Some of the most important clues about what drove Adam Lanza to mass murder probably sit on the computer that the reclusive, technical-minded 20-year-old used as one of his main contacts with the world, law-enforcement authorities said Wednesday.
Lanza attempted to destroy his computer's hard drive, the device that stores and retrieves data, before setting out on his killing spree Friday in Newtown, Conn. Police have declined to provide information on the extent of the damage to the drive, but investigators remain hopeful that it can be repaired.
Specialists, however, said that any effort to recover data may be thwarted if the hard drive's magnetic platters are shattered. If the damage is less severe, or if there are multiple platters in the computer, investigators may be able to glean useful information. Such recovery efforts are slow and costly, specialists said.
The computer was seized at Lanza's home soon after he killed his mother and went on to slay 20 children and six adults at Sandy Hook Elementary School before committing suicide.
In other news ... *
The reaction to the Sandy Hook shooting can be seen at gun stores and self-defense retailers across the nation, with anxious parents buying armored backpacks for children and firearms enthusiasts stocking up on assault weapons in anticipation of tighter gun-control measures.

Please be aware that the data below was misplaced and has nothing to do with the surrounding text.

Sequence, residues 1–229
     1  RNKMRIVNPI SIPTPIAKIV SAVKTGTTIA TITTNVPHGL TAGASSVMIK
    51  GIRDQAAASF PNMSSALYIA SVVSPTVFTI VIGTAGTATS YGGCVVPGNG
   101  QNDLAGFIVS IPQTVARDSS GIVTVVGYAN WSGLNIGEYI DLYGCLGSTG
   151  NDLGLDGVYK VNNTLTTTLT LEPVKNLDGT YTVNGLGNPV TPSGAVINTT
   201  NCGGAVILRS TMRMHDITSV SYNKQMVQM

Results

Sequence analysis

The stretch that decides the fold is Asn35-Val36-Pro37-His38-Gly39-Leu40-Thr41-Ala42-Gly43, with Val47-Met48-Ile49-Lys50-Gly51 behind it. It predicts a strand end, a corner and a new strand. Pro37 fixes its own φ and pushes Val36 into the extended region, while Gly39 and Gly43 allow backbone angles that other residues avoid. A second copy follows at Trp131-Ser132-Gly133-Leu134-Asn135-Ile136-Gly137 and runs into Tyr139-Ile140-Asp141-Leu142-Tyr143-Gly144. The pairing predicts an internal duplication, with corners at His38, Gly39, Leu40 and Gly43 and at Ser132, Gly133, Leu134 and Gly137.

A spike in gun sales is common after a mass shooting, but the latest rampage has generated record sales in some states, particularly of rifles similar to the AR-15 Lanza used.
There was also an unusual increase in sales for armored backpacks designed to shield children caught in shootings, according to three companies that make them.
The armor inserts fit into the back panel of a child's backpack, and sell for up to $400, depending on the retailer. The armor is designed to stop bullets from handguns, not assault weapons like the one used in the shooting at the Newtown school.
* The family of Noah Pozner was mourning the 6-year-old, killed in the Newtown school massacre, when outrage compounded their sorrow.
Someone they didn't know was soliciting donations in Noah's memory, claiming that they'd send any cards, packages and money collected to his parents and siblings. An official-looking website had been set up, with Noah's name as the address, even including petitions on gun control.
Noah's relatives found out about one bogus solicitation when a friend received an email asking for money for the family. Poorly punctuated, it gave details about Noah, his funeral and his family. It directed people to send donations to an address in the Bronx, one that the Pozners had never heard of.
* President Obama has placedgun control at the top of his second-term agenda, redoubling his intention to tackle the problem of gun violence despite daunting political obstacles that have frustrated similar efforts for years.
On Wednesday, Obama sought to erase any doubts that he is prepared to stake his prestige on combating what he called an "epidemic of gun violence."
As a first step, Obama gave Vice President Joe Biden the task of coming up with specific proposals before the end of next month. Working with Cabinet members and outside organizations, Biden is to come up with ideas that likely will include actions Obama can take administratively to bypass potential clashes with Congress.
* Meanwhile, in Pennsylvania, U.S. Sen. Bob Casey said that he has changed his mind on gun control and now supports a ban on assault weapons and high-capacity magazines, the Inquirer reported.